Descent from Good to Evil: A Review of The Secret History

“Does such a thing as ‘the fatal flaw,’ that showy dark crack running down the middle of a life, exist outside literature? I used to think it didn’t. Now I think it does. And I think that mine is this: a morbid longing for the picturesque at all costs.”

Donna Tartt, The Secret History

Dark academia can be characterized by a love of the classics and the pursuit of academic education. Think: dark, stony, gothic buildings, scholarly professors, and dusty libraries. Being that we’re now well into the autumn season, I was in the mood for a book that captured the essence of this aesthetic and was excited to start reading The Secret History by Donna Tartt. In this novel, Richard Papen is a transfer student at Hampden College. After some persistence, Richard gets the opportunity to take classes from Classics professor, Julian Morrow. There are only five other students when Richard joins their ranks. On the surface, they are the esteemed and privileged students of Hampden College. Though he is slowly accepted into their social circle, Richard feels that secrets are being kept from him. What begins as a strange educational experiment leads to a crime that must be kept secret at all costs. As he gets to know his peers better, he becomes a bystander to their heinous plans and watches as they turn on one of their own friends. Published in 1992, I was impressed that The Secret History felt simultaneously like a timeless classic and a contemporary novel. Though it is a great example of Dark Academia, don’t diminish this book to think it only fits an aesthetic: A Secret History is heavily influenced by the gothic literary tradition, depicting the characters’ descent into evil and analyzing the psychological repercussions of their choices.

In the first half of the book, the characters are like any friend group. Though they are a bit odd and share a tendency to act pretentious and even bigoted at times, I was fascinated and amused by the dynamics in this clique. Tartt has a great gift at creating natural dialogue and developing fully fleshed-out characters. Bunny, for example, was this jovial, New Englander type friend who could be quite obnoxious and tactless but was harmless. I could pinpoint the exact type of person he was based on similar boys I’ve come across in my life. The setting further enhanced my understanding of this friend group. The jaunts to Henry’s family estate in the country showed an idealized depiction of youth and privilege. The professor’s atypical learning environment felt natural and intimate, but also quite highbrow and scholarly. It seemed like the professor created a classroom setting where the students could really thrive.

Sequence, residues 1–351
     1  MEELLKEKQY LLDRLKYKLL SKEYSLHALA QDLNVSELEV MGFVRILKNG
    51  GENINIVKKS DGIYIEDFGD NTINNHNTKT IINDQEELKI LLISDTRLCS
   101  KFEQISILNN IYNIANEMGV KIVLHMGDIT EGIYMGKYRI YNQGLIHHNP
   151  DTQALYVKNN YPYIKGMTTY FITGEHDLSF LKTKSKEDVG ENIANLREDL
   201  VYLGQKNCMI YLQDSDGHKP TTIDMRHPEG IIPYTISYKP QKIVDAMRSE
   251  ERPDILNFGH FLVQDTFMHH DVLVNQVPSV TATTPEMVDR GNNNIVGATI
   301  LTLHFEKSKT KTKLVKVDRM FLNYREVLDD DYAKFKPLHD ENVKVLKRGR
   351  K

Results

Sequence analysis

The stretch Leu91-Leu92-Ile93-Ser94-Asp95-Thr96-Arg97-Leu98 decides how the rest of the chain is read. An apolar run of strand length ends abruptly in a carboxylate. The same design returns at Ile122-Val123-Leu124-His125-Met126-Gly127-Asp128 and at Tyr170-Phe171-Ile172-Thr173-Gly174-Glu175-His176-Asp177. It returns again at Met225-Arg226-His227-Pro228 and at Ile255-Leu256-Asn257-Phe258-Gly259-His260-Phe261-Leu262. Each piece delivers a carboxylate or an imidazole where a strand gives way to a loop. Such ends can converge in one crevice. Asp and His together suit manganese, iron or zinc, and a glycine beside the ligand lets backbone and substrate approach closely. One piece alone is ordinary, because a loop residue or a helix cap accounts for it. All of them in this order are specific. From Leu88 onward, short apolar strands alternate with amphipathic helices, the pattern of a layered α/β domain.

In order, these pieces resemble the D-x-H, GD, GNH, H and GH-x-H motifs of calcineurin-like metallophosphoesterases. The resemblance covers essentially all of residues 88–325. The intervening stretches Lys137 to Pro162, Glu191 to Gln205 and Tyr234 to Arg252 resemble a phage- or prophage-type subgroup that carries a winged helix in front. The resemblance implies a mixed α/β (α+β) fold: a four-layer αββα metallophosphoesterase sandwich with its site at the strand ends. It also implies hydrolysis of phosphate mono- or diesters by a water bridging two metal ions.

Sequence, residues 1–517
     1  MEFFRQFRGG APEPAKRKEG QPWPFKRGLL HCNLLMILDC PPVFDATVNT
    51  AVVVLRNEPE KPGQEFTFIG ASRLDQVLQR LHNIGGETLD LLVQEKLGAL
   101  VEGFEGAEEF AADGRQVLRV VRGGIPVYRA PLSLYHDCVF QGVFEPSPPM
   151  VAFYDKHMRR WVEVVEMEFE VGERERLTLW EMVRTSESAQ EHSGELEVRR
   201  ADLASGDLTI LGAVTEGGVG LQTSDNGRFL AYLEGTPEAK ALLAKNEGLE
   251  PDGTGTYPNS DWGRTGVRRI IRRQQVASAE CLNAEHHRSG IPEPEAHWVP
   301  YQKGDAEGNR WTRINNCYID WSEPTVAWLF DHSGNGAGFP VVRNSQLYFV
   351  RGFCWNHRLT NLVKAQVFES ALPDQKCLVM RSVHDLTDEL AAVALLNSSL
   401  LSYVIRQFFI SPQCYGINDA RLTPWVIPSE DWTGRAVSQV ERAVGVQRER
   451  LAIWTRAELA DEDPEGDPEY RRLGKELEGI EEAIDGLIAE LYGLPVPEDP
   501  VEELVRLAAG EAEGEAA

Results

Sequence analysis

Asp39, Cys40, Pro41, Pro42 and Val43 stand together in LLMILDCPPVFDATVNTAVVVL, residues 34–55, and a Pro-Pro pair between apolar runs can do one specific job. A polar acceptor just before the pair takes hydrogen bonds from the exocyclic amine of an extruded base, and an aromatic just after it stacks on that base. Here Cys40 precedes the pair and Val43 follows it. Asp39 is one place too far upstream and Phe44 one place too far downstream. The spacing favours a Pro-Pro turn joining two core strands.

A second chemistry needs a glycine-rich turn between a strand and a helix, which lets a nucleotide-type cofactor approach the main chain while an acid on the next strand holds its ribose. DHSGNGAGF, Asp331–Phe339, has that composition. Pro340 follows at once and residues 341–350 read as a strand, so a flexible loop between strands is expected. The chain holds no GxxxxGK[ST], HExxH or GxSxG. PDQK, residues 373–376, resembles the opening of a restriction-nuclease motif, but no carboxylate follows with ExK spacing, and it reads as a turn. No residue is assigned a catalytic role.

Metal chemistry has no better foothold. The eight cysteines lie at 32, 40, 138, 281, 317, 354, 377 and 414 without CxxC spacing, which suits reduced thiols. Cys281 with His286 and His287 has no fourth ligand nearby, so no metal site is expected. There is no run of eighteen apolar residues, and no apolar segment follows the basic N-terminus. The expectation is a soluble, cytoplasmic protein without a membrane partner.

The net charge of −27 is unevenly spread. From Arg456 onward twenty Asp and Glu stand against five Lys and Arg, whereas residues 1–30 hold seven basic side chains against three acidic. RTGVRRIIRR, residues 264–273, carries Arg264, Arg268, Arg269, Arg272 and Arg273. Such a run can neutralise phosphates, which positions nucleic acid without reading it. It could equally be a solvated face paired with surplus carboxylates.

The characters were always flawed and, at times, unlikable, but their decisions weren’t always dangerous. As the book progresses and the characters begin to make fatal choices, it becomes harder to sympathize with them. Still, even as their actions lead them to commit murder, I couldn’t help but worry they would get caught. The characters’ actions were believable because the author had great pacing. She knew that she had to slowly expose her characters in order to make it plausible that they would do such horrible things. As much as I loved reading this book, there are some chapters that lag. That being said, Tartt uses this time to dwell on the internal thoughts of the main character and allow a gradual culmination to the book’s climax. This book would not have been successful if the author didn’t take the time to create a believable descent from good to evil.

One of the most satisfying parts of reading this book was making the connections with this book to the gothic literary tradition. One example is the presence of twins which are a classic trope depicted in stories like The Fall of the House of Usher by Edgar Allan Poe. Tartt uses metaphors such as a cracked mirror and a disheveled apartment to reflect the twin’s crumbling relationship and internal turmoil. The natural surroundings in the country show the presence of the sublime, another tool in gothic literature. The dark and expansive woods (away from the college campus) are the place where the students are able to commit and cover up their crimes. Though I won’t go into further detail now, I would really love to take the time to research this topic further and write a full analysis on the gothic influences in this book.

I would give The Secret History a rating of 4.5 stars. If you’re a fan of Edgar Allan Poe, Ursula K. Le Guin, or Agatha Christie then you’ll really love this book. As I was reading, I was reminded of movies such as Dead Poet’s Society or The Riot Club. For those who struggle to become invested in a book but you like the Dark Academia aesthetic then you’ll probably feel that this book suits you. Though it’s a bold claim to make, I believe this book could stand the test of time and possibly join the ranks as a quintessential classic.

As always, I encourage you to consider buying from a local bookstore. Click the link below to purchase The Secret History from The Little Boho Bookshop in Bayonne, NJ:

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